Petterssen said he is a “huge proponent of expanding physical activity opportunities in central Vermont,” but suggested that any new facility should focus on services not currently offered so “we don’t end up fighting for the same piece of the fitness pie.”

One service he said is lacking is an indoor field house with turf. “We get requests for that all the time, but that is something we do not offer,” he said. “I can see a facility like that serving central Vermont, though I am not sure if it is appropriate for a municipality to build and operate.”

Pettersen said he thinks there may be room for another pool in the area. The pool at GMCF, which is open to members and the public, “is very, very busy in the winter,” he said. But he also said operating a pool is “wicked expensive.”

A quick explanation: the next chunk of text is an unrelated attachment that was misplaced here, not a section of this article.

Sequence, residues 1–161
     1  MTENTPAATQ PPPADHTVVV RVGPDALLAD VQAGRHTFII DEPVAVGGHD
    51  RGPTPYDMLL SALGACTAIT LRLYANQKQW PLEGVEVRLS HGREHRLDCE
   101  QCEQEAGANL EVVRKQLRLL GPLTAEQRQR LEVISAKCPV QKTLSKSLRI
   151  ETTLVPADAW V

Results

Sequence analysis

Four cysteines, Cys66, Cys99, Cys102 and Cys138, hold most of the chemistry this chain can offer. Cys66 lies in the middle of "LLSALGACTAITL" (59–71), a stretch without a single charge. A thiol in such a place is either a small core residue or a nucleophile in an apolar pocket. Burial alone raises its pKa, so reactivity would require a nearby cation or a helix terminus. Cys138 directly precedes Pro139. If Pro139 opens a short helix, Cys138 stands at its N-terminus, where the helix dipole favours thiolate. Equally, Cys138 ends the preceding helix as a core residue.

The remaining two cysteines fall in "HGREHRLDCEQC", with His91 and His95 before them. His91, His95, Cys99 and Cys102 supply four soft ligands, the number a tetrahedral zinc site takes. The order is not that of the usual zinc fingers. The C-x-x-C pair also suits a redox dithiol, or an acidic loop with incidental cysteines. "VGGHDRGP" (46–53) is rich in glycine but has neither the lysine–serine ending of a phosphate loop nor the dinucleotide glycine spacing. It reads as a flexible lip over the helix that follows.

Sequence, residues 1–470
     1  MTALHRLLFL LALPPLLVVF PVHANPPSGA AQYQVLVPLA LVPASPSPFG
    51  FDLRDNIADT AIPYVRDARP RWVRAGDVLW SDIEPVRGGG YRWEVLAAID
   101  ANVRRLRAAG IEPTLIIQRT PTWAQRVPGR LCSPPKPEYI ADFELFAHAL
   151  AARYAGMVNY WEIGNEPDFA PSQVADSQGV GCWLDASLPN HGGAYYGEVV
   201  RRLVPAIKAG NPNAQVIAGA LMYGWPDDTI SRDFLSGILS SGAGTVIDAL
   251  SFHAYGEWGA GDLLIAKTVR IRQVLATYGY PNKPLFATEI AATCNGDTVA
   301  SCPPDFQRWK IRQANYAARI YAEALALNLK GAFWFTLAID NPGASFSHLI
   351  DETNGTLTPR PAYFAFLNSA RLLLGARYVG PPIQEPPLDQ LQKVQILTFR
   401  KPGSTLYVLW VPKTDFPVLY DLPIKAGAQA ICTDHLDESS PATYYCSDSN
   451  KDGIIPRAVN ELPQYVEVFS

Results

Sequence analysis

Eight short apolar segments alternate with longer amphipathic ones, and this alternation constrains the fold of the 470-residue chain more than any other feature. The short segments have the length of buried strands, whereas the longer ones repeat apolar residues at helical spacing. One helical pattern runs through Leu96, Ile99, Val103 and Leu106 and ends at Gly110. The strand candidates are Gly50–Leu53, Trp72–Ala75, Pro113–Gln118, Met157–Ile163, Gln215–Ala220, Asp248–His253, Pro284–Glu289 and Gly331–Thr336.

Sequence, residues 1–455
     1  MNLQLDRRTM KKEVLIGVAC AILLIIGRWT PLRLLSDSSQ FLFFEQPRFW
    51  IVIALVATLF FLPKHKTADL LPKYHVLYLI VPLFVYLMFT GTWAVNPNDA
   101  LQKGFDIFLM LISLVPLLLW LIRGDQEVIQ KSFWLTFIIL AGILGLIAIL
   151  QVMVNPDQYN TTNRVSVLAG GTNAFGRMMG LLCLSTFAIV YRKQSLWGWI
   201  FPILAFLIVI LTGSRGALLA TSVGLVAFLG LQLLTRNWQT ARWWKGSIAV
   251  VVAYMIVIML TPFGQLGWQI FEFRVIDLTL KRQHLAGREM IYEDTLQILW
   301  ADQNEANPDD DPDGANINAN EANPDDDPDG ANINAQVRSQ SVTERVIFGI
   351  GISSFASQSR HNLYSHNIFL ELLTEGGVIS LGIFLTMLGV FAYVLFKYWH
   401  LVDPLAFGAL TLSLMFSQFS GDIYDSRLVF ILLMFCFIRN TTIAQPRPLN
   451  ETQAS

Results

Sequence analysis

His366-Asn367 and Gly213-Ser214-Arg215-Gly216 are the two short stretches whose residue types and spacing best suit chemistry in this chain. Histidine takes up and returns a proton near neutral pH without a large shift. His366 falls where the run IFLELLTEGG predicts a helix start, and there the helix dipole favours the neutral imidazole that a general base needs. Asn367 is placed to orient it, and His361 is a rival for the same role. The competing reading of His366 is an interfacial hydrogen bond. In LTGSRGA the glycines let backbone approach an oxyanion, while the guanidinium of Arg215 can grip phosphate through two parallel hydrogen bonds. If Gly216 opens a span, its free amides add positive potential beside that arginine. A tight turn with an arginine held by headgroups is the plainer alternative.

Other indoor pools in the area include the Best Western motel in Waterbury, which offers monthly passes only, and The Swimming Hole in Stowe, which offers both passes and day tickets.

A facility that offered group activities and space for meetings and social clubs might be feasible, Petterson said, adding “If it was walkable, that would be good.”

Staffing a recreation facility can be challenging, Petterssen said. “Is the talent pool large enough to have two large facilities here?” he asked. “I don’t know the answer to that.” He said the fees in the Ballard and King report “may be on the low side.” 

He also noted that in Vermont many people want indoor recreation opportunities six months a year, but the other half of the year, Vermonters “want to be outside.” This makes it a challenge to have a recreation facility work financially, Petterssen said.